Choosing the right chain for horizontal use

Capacity and Stability

The capacity range of rigid chains includes standard types - from 5,000 N to 16,000 N maximum capacity (per single chain) and specialized versions that allow for even higher forces. The capacity that our chain types can deliver is determined by size, structure, whether they are guided, and if so, which type guide.


As you expect, the size of the chain is the main element for determining capacity. We classify the chain size by the pitch of the chain, i.e., the length of each link, measured between two consecutive cross axes. Standard pitches are 40, 60, or 90 mm. We indicate this measurement in the name; for instance, a CH 60 would be 60 mm when measured.


To look at how the capacity can be increased for all chain sizes, we can start with the simplest version. A simple chain, indicated by an “S” in the name, will have two rows of link plates, no outer rollers, and will be driven by two pinions that engage to the left and right of the central rollers. Reinforcing the chain by simply adding side plates can be the easiest way to increase capacity and may be the right solution for your particular project.

But as the drive pinions of the chain apply the thrust force, if we add pinions, the thrust will be distributed over more target points, thereby making higher forces possible. For this, our duplex version, the “D” chain, is comprised of three rows of plates (as if it were a chain and a half) and has three pinions. The “J” chain has four rows (as if two chains were joined together in the middle) and has four pinions.

Each addition to the structure increases the capacity and makes it less susceptible to lateral movement, thereby providing more stable movement.


Guides stabilize the chain, so its full capacity is available over any distance. With shorter strokes (up to 5 meters), it is not necessary to guide the chain if the load is guided. There are two ways of using the chain without guides: shoulders up or shoulders down. To ensure stability, we do not recommend shoulders-up orientation when the stroke exceeds 3 m. Shoulders-down provides the most stable motion since the chain’s rigidity is ensured by both the shoulder’s contact with the worktop and the chain’s weight. However, use above 5 m of stroke is not recommended.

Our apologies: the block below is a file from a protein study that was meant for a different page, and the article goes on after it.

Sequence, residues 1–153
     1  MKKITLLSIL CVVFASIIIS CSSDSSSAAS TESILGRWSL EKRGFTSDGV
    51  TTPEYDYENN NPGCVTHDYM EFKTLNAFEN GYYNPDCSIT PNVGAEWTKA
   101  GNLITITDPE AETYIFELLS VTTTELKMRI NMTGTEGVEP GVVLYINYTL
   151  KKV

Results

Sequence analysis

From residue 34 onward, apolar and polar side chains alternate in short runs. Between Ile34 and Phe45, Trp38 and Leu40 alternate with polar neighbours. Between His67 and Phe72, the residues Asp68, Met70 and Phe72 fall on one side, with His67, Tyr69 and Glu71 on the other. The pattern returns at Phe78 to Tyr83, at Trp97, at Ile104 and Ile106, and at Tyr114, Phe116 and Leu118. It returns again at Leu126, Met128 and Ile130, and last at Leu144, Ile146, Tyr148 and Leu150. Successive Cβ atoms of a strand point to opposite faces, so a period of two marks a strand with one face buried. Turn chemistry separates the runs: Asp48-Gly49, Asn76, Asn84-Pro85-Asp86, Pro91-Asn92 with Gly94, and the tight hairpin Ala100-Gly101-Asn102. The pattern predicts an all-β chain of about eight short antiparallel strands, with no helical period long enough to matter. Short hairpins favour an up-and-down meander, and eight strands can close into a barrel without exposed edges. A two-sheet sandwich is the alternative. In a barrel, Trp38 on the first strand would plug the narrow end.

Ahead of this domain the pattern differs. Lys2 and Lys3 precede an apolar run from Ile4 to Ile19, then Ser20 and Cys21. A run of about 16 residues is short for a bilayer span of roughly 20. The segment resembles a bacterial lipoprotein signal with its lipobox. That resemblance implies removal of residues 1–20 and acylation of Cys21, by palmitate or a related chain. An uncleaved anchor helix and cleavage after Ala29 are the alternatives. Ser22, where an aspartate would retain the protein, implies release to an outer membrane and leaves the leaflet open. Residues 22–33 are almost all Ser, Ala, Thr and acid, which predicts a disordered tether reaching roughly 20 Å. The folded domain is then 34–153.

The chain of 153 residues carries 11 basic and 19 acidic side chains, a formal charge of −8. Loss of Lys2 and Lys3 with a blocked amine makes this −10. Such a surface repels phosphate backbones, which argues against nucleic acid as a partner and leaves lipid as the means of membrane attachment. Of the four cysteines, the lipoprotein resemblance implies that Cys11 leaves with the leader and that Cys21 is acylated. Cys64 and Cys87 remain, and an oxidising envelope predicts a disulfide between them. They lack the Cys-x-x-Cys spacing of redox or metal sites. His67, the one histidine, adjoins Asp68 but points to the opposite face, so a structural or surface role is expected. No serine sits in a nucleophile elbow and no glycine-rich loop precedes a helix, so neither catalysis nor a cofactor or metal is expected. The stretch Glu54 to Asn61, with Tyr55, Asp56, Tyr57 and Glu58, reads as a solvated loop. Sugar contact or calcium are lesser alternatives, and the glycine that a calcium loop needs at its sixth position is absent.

For longer strokes, guides must be used, regardless of whether the chains are used with shoulders up or down. There are two standard guide types: E-profile rails or flat T-shaped tracks. With E-guiding, additional rollers prop up the chain against the inner walls of the rail. As the chain is partially or totally inside the rail, the load has to run on another level, either beneath or above. With T-guiding, the chain is kept on the top surface of the rail by lateral grippers mounted on every fourth or fifth link. The T guides take up only a small space and allow the load to run on the same level as the chain, making for a very cost-effective solution.

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Your SERAPID representative is your best source for determining what chain would be best for your project. Contact us by phone, website or email by clicking this link.

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